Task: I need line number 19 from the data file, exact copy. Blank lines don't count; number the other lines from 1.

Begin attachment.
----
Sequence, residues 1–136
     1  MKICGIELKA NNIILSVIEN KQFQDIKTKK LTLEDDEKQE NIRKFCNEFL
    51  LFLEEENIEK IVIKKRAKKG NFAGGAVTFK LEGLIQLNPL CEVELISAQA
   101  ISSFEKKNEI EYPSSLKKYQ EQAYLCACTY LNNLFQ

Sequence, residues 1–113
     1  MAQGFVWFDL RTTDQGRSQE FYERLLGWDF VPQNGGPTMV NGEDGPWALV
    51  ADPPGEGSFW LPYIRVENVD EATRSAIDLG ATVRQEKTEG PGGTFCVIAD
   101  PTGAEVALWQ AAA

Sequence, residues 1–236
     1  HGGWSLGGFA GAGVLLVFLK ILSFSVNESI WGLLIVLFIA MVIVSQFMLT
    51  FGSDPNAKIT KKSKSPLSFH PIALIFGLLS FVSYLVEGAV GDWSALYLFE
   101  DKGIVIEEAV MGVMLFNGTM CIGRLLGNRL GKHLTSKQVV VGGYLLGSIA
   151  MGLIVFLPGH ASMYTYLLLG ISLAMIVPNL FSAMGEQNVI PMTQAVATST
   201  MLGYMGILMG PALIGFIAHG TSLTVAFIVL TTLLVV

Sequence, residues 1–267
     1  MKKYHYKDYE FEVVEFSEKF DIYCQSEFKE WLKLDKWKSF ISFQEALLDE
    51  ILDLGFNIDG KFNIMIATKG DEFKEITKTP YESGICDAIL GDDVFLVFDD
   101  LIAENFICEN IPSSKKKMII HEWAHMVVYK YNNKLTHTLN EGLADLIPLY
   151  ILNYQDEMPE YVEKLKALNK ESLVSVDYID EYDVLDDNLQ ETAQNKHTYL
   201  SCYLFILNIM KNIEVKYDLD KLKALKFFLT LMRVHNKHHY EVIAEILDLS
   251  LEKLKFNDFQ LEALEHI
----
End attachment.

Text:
   151  ILNYQDEMPE YVEKLKALNK ESLVSVDYID EYDVLDDNLQ ETAQNKHTYL